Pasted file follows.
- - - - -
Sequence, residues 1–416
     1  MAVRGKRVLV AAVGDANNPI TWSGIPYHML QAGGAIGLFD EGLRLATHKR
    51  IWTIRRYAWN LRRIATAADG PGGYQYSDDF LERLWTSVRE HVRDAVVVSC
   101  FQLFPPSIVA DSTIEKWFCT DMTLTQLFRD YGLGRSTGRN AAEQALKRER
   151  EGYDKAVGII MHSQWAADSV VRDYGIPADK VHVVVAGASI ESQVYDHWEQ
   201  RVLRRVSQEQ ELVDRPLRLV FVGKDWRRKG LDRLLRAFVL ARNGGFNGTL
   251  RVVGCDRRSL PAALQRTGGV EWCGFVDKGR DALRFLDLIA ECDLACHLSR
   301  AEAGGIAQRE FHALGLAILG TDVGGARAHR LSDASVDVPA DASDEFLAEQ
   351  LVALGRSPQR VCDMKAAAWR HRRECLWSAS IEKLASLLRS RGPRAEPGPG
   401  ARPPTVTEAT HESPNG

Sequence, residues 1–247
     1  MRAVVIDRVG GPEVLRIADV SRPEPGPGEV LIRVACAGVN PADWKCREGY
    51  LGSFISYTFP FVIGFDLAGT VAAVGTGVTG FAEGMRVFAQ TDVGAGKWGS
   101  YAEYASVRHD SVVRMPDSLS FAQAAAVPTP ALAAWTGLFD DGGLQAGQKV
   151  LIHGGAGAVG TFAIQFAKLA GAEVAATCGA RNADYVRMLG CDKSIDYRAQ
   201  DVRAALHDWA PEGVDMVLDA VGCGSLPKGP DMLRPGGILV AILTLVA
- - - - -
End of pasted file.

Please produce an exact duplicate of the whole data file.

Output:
Sequence, residues 1–416
     1  MAVRGKRVLV AAVGDANNPI TWSGIPYHML QAGGAIGLFD EGLRLATHKR
    51  IWTIRRYAWN LRRIATAADG PGGYQYSDDF LERLWTSVRE HVRDAVVVSC
   101  FQLFPPSIVA DSTIEKWFCT DMTLTQLFRD YGLGRSTGRN AAEQALKRER
   151  EGYDKAVGII MHSQWAADSV VRDYGIPADK VHVVVAGASI ESQVYDHWEQ
   201  RVLRRVSQEQ ELVDRPLRLV FVGKDWRRKG LDRLLRAFVL ARNGGFNGTL
   251  RVVGCDRRSL PAALQRTGGV EWCGFVDKGR DALRFLDLIA ECDLACHLSR
   301  AEAGGIAQRE FHALGLAILG TDVGGARAHR LSDASVDVPA DASDEFLAEQ
   351  LVALGRSPQR VCDMKAAAWR HRRECLWSAS IEKLASLLRS RGPRAEPGPG
   401  ARPPTVTEAT HESPNG

Sequence, residues 1–247
     1  MRAVVIDRVG GPEVLRIADV SRPEPGPGEV LIRVACAGVN PADWKCREGY
    51  LGSFISYTFP FVIGFDLAGT VAAVGTGVTG FAEGMRVFAQ TDVGAGKWGS
   101  YAEYASVRHD SVVRMPDSLS FAQAAAVPTP ALAAWTGLFD DGGLQAGQKV
   151  LIHGGAGAVG TFAIQFAKLA GAEVAATCGA RNADYVRMLG CDKSIDYRAQ
   201  DVRAALHDWA PEGVDMVLDA VGCGSLPKGP DMLRPGGILV AILTLVA